We are using granulated garlic because it distributes evenly through the butter and there will be no large bits of raw garlic.

Next add 2 tsp. lemon zest and ½ tsp. sea salt. Mix together well. Normally I would tell you to put this butter in the fridge, but we want it soft because we are going to put it under the chicken skin. At this point, reserve ¼ cup of the compound butter to be used in the glaze.

Using your finger or a knife, carefully pull the skin covering the chicken breast away from the meat creating a pocket. Slather the compound butter generously into this pocket. When we do this, we are imparting flavor and moistness to the meat of the chicken. Please remove any rings before you do this.

If you don’t remove them, your rings will tear that delicate chicken skin. If it does tear? Don’t worry. Simply use a toothpick to bind it back together.

In the cavity of the bird, place six whole peeled garlic cloves, 2 sprigs of rosemary, ½ a lemon, ½ an orange and ½ a lime. Why do we do this? Just like we want to impart flavor to the breast meat with the compound butter, we want to impart flavor throughout the chicken. Putting aromatics in the cavity is what does this.

Place the chicken on your mirepoix rack and rub olive oil all over the skin, then salt and pepper. Again, we are developing flavor at every stage of cooking. Loosely cover the breast with foil. Now place chicken on rack in preheated oven and add ½ an inch water or chicken stock to the pan. We do this to add some extra moisture to the bird. As the water/stock heats in the oven it will create a steam that will prevent the bird from drying out.

The chicken will need to cook about 90 minutes or until the internal temperature (taken in thigh, not touching bone) reaches 155 degrees. We will remove foil and glaze during last 30 minutes of cooking.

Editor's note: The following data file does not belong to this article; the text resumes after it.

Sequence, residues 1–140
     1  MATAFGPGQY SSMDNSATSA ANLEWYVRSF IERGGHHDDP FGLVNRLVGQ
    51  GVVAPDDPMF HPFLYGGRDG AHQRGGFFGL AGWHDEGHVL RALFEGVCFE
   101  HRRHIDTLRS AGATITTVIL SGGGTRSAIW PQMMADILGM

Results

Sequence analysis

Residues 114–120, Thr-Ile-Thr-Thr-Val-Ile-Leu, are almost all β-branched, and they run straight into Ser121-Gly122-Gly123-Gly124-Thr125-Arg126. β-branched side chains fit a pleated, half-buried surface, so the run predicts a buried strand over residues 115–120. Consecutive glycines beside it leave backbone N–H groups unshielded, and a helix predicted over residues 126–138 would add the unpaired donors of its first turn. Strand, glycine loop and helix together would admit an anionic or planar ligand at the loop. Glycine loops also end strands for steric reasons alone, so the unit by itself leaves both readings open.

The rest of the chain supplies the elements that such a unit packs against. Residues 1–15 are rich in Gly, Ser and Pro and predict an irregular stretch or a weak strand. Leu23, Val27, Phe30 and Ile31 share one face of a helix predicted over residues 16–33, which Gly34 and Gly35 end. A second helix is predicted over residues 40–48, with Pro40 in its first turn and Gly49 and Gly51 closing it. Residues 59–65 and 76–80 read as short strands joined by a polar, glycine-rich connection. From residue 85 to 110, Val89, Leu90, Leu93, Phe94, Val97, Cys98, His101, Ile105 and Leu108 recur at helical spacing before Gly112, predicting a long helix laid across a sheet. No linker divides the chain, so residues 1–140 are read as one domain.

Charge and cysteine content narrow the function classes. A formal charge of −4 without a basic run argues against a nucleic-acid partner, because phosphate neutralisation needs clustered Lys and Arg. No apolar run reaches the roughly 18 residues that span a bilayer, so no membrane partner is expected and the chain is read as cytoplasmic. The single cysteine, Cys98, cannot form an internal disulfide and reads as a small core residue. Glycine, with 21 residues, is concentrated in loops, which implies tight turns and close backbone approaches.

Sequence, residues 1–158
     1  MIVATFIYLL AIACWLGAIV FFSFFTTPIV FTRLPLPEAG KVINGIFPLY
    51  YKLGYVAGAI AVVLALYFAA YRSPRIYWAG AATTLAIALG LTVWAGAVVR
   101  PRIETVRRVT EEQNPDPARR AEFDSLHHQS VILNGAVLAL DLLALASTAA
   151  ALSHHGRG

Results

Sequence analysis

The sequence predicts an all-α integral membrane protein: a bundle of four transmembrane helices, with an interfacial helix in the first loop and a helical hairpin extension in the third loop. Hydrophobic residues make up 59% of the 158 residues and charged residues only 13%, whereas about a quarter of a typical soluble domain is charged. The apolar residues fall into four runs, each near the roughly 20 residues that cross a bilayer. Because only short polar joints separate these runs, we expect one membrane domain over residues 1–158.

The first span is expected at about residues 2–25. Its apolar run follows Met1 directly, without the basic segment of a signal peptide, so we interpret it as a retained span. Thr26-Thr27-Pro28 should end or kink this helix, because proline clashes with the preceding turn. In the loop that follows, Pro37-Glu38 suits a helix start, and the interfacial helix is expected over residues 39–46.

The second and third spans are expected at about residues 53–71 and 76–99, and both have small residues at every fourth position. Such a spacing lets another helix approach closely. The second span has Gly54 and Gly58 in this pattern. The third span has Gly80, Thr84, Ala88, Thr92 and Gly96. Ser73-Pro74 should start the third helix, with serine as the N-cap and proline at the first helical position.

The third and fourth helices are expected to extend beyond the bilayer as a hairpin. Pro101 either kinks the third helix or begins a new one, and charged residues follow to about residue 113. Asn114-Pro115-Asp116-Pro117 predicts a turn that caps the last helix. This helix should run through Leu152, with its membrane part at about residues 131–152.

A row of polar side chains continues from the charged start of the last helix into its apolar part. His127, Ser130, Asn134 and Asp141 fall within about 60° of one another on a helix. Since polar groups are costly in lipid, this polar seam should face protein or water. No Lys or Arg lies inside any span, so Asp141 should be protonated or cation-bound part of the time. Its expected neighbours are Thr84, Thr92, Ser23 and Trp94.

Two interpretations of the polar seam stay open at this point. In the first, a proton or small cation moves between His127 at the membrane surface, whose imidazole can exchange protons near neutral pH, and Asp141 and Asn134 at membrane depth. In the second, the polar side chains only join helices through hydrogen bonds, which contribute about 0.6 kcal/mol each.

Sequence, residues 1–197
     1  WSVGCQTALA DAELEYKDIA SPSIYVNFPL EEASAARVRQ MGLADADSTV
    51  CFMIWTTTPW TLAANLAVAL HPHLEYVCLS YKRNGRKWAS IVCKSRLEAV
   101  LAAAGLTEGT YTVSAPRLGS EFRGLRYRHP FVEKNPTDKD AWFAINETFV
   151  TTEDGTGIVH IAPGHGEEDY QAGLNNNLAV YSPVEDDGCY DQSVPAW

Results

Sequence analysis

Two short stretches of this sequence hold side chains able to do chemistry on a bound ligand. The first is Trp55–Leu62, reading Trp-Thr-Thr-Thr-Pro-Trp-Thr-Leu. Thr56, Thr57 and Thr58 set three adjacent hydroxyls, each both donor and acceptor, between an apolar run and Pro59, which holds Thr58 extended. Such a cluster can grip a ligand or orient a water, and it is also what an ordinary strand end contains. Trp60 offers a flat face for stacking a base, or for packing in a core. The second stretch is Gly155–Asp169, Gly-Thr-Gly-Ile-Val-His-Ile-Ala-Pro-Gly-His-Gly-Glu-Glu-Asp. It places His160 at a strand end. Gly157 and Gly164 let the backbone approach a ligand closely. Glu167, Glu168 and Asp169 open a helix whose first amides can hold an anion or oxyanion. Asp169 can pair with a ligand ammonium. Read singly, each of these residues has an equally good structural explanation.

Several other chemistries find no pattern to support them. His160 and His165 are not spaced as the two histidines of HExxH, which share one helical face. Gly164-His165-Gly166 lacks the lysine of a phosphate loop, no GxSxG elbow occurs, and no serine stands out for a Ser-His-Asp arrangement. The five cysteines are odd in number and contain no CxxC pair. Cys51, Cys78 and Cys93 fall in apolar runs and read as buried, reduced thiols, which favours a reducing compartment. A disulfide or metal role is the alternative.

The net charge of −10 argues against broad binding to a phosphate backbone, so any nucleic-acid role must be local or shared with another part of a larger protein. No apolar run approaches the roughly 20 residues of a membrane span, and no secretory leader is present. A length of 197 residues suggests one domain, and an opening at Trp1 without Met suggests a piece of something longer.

For glaze, use reserved compound butter. Place in a saucepan and add 2 tbsp. white vinegar, 1 tbsp. sweet chili, juice of one orange and juice of one lime. Heat glaze over medium low heat for ten minutes than keep over low heat until ready to use.

During last 30 minutes of cooking, remove foil from breast and put oven at 450 degrees. Brush chicken with glaze every five minutes. When skin is nicely browned and crispy and internal temperature has reached 155 degrees remove from oven and let rest for ten minutes. Enjoy!

Wow! You made a roast chicken. Now you can use these same tips and techniques to roast other foods. As with any technique or recipe, the most important component is the cook’s heart. The heart is what creates delicious.

Chef Ivan Flowers brings 25 years of fine cuisine experience to Top of The Market, San Diego. Prior to becoming Executive Chef at Top of The Market, Chef Flowers owned Fournos restaurant in Sedona, Arizona, named a top 25 restaurant in Arizona. He was also Executive Chef at L’Auberge de Sedona, the AAA Four-Diamond, Four Star award winning restaurant. Flowers has created extraordinary cuisine for some of the finest restaurants in Arizona, including T. Cooks at Scottsdale's Royal Palms Resort and the Phoenician's Mary Elaine's and Different Pointe of View.